The project involved re-scanning the book to have good quality page images, then editing a set of existing XML files kindly provided by the Perseus Project. We added to that the newly digitized index, which was not in the Perseus XML. The purpose there was to make the book browsable via the index, which is important for user utility, and absent in all other online versions. On March 23, 2014, Kaylin Bednarz (Dickinson ’15) finished revision of XML files for Allen & Grenough, and the creation of html files based on the new XML. She was assisted and trained in the use of Oxygen software (which converts the XML into web-ready html) by Matthew Kochis, Postdoctoral Fellow in Digital Humanities, who also helped with day to day project management.

In late March, Dickinson web developer Ryan Burke uploaded the html and XML files to Dickinson servers, and created the web interface for A&G in html. This revealed issues of formatting: indentations were often not preserved, resulting in lack of clarity. Some character formatting was not right, and footnotes from the original print resource were not clearly displayed. Forward and back buttons had to be put in for each of the 638 sections.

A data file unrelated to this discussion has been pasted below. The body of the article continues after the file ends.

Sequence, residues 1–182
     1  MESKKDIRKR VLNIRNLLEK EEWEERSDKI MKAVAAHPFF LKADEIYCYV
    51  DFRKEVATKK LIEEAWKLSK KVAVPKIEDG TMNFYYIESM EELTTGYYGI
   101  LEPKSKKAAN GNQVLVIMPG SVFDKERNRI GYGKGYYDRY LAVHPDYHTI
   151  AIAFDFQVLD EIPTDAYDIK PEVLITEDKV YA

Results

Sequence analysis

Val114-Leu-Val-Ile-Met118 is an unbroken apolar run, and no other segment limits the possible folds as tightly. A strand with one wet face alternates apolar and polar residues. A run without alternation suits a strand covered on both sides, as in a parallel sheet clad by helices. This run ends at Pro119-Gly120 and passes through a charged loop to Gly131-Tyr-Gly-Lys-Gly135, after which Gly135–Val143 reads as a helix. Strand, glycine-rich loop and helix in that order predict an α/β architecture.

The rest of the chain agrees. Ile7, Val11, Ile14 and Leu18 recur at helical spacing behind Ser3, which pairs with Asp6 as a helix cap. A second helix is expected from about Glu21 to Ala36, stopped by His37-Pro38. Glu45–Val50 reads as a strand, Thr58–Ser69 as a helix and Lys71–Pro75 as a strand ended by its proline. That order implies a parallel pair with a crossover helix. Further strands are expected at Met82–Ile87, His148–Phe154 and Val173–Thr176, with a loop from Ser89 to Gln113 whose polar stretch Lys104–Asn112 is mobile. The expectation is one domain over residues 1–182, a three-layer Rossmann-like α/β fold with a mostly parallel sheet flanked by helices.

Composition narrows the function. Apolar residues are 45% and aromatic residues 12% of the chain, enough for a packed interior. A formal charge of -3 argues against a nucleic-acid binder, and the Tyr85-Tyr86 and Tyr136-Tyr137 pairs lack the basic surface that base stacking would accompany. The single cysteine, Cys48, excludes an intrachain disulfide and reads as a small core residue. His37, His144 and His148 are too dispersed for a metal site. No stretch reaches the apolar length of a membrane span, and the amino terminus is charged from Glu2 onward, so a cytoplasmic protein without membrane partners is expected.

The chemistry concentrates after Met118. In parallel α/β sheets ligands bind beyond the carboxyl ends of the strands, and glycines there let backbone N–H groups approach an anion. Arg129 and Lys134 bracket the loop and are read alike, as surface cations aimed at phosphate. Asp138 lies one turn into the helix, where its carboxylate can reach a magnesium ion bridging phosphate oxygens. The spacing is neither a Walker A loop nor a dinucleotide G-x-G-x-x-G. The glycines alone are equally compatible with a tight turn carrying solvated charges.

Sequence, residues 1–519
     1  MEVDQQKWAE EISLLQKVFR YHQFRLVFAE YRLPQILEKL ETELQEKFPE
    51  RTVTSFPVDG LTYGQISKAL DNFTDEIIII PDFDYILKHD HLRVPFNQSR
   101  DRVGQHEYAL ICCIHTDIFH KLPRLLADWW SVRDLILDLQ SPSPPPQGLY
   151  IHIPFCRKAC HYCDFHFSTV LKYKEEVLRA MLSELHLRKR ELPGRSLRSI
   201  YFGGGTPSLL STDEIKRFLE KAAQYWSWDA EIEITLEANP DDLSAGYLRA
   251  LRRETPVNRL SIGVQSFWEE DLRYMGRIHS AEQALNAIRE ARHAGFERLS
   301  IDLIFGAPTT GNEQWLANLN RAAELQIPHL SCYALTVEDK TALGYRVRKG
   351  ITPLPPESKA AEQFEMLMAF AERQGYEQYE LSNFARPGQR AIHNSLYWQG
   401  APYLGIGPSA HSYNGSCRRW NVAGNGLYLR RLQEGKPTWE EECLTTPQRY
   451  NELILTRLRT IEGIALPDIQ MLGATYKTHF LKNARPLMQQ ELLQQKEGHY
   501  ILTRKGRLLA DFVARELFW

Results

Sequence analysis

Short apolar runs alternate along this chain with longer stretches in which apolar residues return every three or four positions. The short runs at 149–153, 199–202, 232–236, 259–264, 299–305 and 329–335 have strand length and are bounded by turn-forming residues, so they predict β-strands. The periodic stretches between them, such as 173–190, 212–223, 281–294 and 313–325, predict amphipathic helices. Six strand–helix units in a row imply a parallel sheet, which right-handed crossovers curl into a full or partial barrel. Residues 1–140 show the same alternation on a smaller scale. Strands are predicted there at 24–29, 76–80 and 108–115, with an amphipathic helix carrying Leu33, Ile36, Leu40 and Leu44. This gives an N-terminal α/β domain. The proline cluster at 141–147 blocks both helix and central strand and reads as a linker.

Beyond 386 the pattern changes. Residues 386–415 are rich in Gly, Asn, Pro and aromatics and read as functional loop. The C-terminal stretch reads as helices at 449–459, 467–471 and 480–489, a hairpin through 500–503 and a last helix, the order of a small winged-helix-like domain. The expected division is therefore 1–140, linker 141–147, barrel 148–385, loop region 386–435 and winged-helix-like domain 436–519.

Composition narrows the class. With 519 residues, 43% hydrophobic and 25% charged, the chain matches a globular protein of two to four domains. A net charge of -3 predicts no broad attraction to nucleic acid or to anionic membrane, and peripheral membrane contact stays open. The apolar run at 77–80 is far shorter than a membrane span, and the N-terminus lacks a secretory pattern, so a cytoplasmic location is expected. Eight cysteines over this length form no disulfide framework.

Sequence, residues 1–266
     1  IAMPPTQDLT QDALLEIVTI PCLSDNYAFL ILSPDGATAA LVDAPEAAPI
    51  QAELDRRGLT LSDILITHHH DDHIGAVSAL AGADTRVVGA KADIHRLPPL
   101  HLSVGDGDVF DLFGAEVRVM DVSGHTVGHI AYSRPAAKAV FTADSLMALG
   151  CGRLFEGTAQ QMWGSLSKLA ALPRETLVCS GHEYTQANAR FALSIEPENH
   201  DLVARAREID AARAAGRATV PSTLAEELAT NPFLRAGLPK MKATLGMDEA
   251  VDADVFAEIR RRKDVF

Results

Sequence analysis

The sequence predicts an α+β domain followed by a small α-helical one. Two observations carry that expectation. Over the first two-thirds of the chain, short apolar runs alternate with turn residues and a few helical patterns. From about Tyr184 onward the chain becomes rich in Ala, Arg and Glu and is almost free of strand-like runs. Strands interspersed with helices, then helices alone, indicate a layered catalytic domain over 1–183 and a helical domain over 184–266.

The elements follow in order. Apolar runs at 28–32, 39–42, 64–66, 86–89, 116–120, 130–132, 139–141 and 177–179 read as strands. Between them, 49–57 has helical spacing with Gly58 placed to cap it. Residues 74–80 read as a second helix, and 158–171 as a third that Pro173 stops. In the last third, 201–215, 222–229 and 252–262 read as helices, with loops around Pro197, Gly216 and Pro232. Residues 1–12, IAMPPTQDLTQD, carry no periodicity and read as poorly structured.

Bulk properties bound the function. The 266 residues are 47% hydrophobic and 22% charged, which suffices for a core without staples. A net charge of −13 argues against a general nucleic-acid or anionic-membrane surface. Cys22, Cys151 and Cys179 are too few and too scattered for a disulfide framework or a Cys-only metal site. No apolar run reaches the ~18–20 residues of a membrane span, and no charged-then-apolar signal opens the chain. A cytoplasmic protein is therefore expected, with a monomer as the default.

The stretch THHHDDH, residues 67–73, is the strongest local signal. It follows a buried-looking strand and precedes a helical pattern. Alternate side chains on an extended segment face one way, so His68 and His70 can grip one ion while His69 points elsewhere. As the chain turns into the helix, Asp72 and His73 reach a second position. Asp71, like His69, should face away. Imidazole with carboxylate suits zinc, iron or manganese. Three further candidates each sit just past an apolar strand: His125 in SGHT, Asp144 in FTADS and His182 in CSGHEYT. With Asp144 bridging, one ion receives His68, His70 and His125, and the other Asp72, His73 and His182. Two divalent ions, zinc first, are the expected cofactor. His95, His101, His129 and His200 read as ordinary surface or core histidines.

On May 20, 2014, Meagan Ayer (PhD in classics and ancient history, University of Buffalo, 2013) began work hand-editing Allen & Greenough html files, removing errors and fixing formatting, adding navigational infrastructure using Adobe Dreamweaver. A few missing XML files had to be added and converted to html, and those finishing touches were put on last week.

The differences between the DCC version of A&G and others available on the internet are:

  • Page images attached to every section
  • Analytical index makes finding what you need easier
  • Functioning word search for the entire work
  • Attractive presentation with readable fonts and formatting
  • Fully edited to remove spelling errors and OCR misreads (further error notifications appreciated!)

And of course the whole is freely available under a Creative Commons CC-BY-SA license. We plan to systematically link to this version of A&G in our Latin commentaries, and we are planning to have a similar work on the Greek side up soon: